Posted by Ben Mitchell, Vice President, Sales – EMEA, at Legal Futures Associate DocsCorp
In December 2017, the Information Commissioner’s Office (ICO) reported that data security incidents between April and June 2017 had increased by 15% compared to the previous year.
This is nothing new – data breaches have been on the rise for years. Yet law firms are often more concerned about protecting sensitive information from external threats than from a far more likely cause: human error.
Human error was behind the forwarding of confidential plans from The Bank of England to The Guardian. The sender included the wrong recipient in the email and inadvertently (and embarrassingly) released details of the top-secret Project Bookend – described as “the bank’s contingency plan in the event of Britain leaving the EU, unknown even to most of its employees”.
Ever since, autocomplete has been disabled and staff at the UK’s main financial regulator must now enter every single address manually.
Many email security systems don’t safeguard against human error before the user clicks ‘Send’, so even firms that think they are protected may not be able to prevent a breach similar to this.
In 2018, with a tightening of data breach regulations under GDPR, it’s more important than ever for law firms to cover their bases. Here’s why emails should be at the top of the list of potential information security risks to address.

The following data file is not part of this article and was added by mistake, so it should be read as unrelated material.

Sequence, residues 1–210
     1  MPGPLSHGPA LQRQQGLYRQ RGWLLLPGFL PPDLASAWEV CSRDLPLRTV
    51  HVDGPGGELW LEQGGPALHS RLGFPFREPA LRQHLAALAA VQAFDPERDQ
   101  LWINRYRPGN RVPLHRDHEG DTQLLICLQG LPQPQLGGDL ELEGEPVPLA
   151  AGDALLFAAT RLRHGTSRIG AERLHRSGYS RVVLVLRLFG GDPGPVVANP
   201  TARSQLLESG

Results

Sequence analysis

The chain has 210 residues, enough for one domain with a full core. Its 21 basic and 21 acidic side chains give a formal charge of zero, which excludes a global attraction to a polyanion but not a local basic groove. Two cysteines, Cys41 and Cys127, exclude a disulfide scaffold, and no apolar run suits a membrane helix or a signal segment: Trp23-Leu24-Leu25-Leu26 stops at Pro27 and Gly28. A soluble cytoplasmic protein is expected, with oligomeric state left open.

More than half of data breaches in 2017 happened because of human error
The ICO found that of the 335 reported incidents of data breaches between April and June 2017, more than half were a result of data being “disclosed in error” from human action. More than a third (37%) of all data breaches reported were due to information being sent to the wrong recipient.
The ICO also reported that cyber security incidents decreased by 8% in the July-September 2017 quarter. It is the second consecutive quarter in which reported cyber incidents have gone down.
Human error over email is punished just as severely as a cyber-attack under GDPR
Sending personal information like bank account details, names, or addresses to the wrong person is viewed as mismanagement of data under GDPR. The organisation responsible could face a fine of up to €10m or 2% of annual global turnover (whichever is greater).
More serious offences could be fined up to €20m or 4% of its global turnover (whichever is greater). These are the same harsh financial penalties levelled at organisations that are victims of cyber security attacks.
Metadata in email attachments can also constitute a breach
Microsoft Office documents contain metadata that isn’t always obvious to the sender. Metadata could be anything from the document’s author to potentially embarrassing ‘Track Changes’ comments.
For law firms that charge by the hour, the total editing time shown in document metadata could also present its own set of issues. Staff need to know exactly what they’re sending, before they click ‘Send’, to properly manage their data.
The most comprehensive form of protection against human error over email is an application that integrates directly with your email to confirm that the email addresses entered are the intended recipients and that the sender knows exactly what information they are sending.
It goes without saying that, in 2018, law firms should be arming their staff with tools to prevent accidental leaks of sensitive information. The costs to the firm, both in monetary and reputational value, are far too great to ignore.